Henry VIII and the Anglican Church


Many would be surprised to hear that the Church of England in its early days was more like the Catholic Church than it is today.  Not only did it not have gay ‘wedding’s and ‘ordination’ of women, but the liturgy was still in Latin, the liturgical calendar was the same as the Roman calendar, and priests had to be celibate.  In the earliest days, the Church of England did have valid Sacraments since the Ordinal maintained teaching of the sacrificial nature of the priesthood, transubstantiation and the Real Presence.  Leo XIII mentions that Anglican ordinations became invalid with the Edwardine Ordinal which changed much of the ordinal to exclude the sacrificial nature of the priesthood along with transubstantiation.

The English Church (hence the term Anglican, from the Latin term for “English”) was declared in 1534 to be under Henry VIII’s jurisdiction simply because the pope would not grant him an annulment.  Henry was not interested in doctrinally changing the English Church, nor did he have any interest in abolishing the use of Latin nor clerical celibacy.  In other words the Anglican Church in its early day was in schism, not heresy, much like the Eastern and Oriental Orthodox Churches or the Assyrian Church of the East.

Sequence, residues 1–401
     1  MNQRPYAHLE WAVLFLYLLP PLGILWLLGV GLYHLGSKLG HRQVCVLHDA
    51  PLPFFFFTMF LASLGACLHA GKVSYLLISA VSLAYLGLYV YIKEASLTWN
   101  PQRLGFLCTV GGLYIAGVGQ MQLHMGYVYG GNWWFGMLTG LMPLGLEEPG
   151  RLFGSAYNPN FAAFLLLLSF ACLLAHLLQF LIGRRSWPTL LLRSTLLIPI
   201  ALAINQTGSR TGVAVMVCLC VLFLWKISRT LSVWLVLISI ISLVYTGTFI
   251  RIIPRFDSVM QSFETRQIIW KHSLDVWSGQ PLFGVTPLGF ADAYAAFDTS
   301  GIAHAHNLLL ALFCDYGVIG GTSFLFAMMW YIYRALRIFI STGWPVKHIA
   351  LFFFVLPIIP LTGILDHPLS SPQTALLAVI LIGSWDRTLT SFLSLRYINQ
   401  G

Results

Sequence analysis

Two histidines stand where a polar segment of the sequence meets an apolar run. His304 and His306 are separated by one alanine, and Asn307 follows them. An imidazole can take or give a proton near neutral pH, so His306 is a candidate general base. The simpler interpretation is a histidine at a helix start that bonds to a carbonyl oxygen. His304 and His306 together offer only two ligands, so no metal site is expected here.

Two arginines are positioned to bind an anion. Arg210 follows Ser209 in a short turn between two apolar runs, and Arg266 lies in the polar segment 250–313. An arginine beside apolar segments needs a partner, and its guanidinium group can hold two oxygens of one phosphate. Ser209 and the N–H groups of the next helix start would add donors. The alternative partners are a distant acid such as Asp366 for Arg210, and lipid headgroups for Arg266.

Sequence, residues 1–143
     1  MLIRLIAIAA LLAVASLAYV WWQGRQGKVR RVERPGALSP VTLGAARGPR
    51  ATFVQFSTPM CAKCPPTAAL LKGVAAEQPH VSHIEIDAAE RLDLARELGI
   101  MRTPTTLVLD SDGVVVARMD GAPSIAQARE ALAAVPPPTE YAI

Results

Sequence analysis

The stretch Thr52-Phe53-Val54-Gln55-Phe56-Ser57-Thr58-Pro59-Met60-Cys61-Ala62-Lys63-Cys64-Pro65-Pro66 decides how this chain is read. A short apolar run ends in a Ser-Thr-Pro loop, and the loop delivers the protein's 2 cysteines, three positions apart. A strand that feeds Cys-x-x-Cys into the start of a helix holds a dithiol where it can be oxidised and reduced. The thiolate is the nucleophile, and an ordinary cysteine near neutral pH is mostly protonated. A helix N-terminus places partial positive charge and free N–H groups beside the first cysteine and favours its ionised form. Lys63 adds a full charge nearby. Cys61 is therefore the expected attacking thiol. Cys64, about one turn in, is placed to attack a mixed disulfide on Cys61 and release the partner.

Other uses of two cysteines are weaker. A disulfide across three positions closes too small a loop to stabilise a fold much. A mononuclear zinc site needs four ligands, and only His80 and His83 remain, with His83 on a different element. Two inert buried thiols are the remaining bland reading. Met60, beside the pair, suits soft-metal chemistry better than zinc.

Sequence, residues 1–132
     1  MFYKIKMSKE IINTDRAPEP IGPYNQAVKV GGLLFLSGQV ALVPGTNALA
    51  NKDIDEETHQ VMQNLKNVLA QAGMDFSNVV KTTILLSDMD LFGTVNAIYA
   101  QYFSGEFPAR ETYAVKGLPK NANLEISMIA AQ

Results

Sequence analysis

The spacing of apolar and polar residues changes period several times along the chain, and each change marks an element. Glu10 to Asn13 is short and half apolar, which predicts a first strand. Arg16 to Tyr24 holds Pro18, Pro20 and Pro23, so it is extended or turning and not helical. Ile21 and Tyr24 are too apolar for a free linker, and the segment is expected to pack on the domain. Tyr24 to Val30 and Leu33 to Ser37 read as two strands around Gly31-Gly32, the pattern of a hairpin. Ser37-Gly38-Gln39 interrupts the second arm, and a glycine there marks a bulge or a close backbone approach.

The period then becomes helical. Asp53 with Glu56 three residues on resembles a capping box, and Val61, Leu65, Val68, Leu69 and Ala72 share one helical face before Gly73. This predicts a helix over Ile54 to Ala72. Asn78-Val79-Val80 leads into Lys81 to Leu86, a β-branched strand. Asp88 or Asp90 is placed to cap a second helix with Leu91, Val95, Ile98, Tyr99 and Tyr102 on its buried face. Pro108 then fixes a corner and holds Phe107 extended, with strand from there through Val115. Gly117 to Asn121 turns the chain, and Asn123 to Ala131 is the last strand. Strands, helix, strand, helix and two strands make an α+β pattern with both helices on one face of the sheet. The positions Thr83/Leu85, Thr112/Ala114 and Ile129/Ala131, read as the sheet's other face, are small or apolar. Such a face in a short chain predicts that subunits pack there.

The Oxford Movement in the 19th century, led by later convert Blessed John Henry Newman, sought to revitalize this Anglican tradition (minus the Latin) that King Henry maintained, but was not interested in reconciling with the Holy See, but rather defended its ordinations against Leo XIII’s declaration of them to be null and void.  They believe that the English Church even prior to the English Reformation was not under the direct jurisdiction of the Holy See.  Ironically however the first primate of English, Saint Augustine of Canterbury, was sent by the pope to convert the Anglo-Saxons to Christianity.  So from the very beginning of England’s Christianization clergy took orders from the pope in Rome.

Anglicanism perhaps more than any other Protestant sect is a perfect example of what happens to Catholics who want to keep parts of the faith but not others.  It gradually leads to more heresy, even to the point of using a complete concept of Sacraments.  It witnesses to how cafeteria Catholics may violently react to the Church on matters they disagree with.  Henry himself had many monasteries throughout England sacked and destroyed to finance himself and the lords who sided with him.  This is nothing praiseworthy.  I am interested to hear what about the Reformation is praiseworthy.


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